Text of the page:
Saturday, July 28, 2012

Quilts for wee boys

Here is a top that does exactly what it should - a medium sized quilt for a little boy that's not quite a baby but not really a boy. This is very simple and was very quick to make. Clearly there is no thought involved in the colour co-ordination - I picked out fabrics that had things on them that a little boy might like to look at. Planes, trains and a few owls!

Here's a close-up of the plane fabric in the middle, it's a really pretty clear blue.

I'm watching the Olympic torch enter into the stadium in London as I type this. It's a cold and very foggy Saturday morning here, so perfect for sitting on the sofa and watching some spectacle. I think I missed the point of those British bands - who? why? when? but judging from the rapturous Facebook posts of my friends and acquaintances (some of who are actually there, the buggers) I may be alone in this. Oooh, I just saw the fireworks! Cool! Oh no, and here's Paul McCartney. I had $20 on Cliff Richard.

Wednesday, July 25, 2012

Sinuses and samosas

Well, my cold turned into a sinus infection, and I've been sick and miserable for the last few days. I've never had a sinus thing before and it hurts! There has been much whining and moping and I haven't left the house since I went to work last Friday. Saturday wasn't too bad - we had friends over for dinner and I made samosas so I can't have been feeling too dreadful. They were potato based. This is the filling.

I love potatoes and will put them in anything. I think it's my Irish heritage - my mother's mother's grandparents were from the north of Ireland somewhere ... my grandmother never had much time for Catholics, from memory, but it had faded to a vague prejudice even by the time she was born (1903) and didn't last any more generations.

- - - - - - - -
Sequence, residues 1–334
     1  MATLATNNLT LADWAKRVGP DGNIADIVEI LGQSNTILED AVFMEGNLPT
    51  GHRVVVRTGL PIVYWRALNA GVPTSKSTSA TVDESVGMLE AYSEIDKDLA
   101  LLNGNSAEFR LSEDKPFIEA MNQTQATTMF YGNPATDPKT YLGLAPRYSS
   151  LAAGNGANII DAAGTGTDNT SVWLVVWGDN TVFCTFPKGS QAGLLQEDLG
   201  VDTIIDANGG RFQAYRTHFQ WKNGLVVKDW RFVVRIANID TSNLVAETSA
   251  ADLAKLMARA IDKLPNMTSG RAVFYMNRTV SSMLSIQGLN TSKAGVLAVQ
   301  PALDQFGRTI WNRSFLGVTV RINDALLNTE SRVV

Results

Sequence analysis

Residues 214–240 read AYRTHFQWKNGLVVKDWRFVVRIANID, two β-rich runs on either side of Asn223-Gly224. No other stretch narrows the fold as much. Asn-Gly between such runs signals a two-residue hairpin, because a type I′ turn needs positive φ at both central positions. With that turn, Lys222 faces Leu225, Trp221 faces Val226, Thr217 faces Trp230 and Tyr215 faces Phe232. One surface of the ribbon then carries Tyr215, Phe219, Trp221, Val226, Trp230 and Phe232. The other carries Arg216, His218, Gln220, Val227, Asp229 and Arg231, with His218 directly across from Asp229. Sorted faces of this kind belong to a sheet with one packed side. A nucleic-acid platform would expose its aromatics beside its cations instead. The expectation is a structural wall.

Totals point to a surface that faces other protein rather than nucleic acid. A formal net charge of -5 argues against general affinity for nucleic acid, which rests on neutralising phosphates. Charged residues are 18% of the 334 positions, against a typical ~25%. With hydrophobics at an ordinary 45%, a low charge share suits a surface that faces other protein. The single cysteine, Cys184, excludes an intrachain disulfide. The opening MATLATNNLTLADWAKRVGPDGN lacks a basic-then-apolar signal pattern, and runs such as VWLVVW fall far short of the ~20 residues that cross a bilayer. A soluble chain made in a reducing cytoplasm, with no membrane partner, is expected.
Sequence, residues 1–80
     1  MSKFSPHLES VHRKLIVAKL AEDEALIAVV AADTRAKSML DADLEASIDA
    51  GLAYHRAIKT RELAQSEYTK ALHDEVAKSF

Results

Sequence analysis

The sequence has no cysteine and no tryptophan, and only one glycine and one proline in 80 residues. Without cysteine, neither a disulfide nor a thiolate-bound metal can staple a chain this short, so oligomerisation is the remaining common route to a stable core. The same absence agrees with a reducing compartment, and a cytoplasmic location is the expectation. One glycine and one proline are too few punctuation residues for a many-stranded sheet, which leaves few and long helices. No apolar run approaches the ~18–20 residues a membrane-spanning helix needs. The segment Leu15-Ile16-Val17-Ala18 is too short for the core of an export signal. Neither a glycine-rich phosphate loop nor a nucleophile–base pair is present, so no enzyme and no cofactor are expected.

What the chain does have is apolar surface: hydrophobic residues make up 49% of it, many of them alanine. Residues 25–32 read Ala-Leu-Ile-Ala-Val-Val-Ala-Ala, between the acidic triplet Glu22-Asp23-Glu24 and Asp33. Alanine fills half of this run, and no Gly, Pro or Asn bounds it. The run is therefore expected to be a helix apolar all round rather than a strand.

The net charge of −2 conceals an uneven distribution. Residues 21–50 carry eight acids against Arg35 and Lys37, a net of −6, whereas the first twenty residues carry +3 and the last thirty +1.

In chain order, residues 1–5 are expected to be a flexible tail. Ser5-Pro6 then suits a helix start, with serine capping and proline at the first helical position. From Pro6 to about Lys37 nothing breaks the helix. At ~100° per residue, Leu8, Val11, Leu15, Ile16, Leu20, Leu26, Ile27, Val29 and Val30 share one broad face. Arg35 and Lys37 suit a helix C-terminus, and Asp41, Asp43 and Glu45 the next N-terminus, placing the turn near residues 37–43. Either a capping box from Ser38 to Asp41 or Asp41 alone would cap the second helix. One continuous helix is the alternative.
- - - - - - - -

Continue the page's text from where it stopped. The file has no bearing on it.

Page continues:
I rolled the dough out with the pasta maker! This has not been used since we moved into the house nearly six years ago, but I knew where it was, and it was so much fun and easy to roll, and it made it very nice and thin. I must get the boys into this, I think they'd love it.

The actual samosas weren't very nice, too bland in the end. But the concept is good, the filling just needs more work.

Saturday, July 21, 2012

Car quilt

We have car quilts. Not just for the long trips, but those frosty Canberra evenings when we're coming home late (from our hectic and glamorous social life! Hah!) ... Even quite grown-up ten year old boys can pull up a quilt and snuggle down for the trip home. I do tend to forget about them though, and they get trampled on by footy boots, and end up with mandarin peel in the folds, and then I pull them out in horror every few months, and wash them.

Which is why this one ended up on the line to dry, and I took a photo of it. It was based on this one - not that I bought the pattern of course, puh-leeze, why would you, it's just strips. Some of my dyed fabrics haven't perhaps held up as well as I would like but hey! It's a car quilt!

Thursday, July 19, 2012

Home again

We took the back roads home - different back roads to the way up, there are a LOT to choose from. We only took two days this time rather than the three on the drive up, so it was two long days of driving ... but we wanted to get home. Some slightly hairy pieces of tarmac, but no actual off-roading. Lots of stretches that looked like this...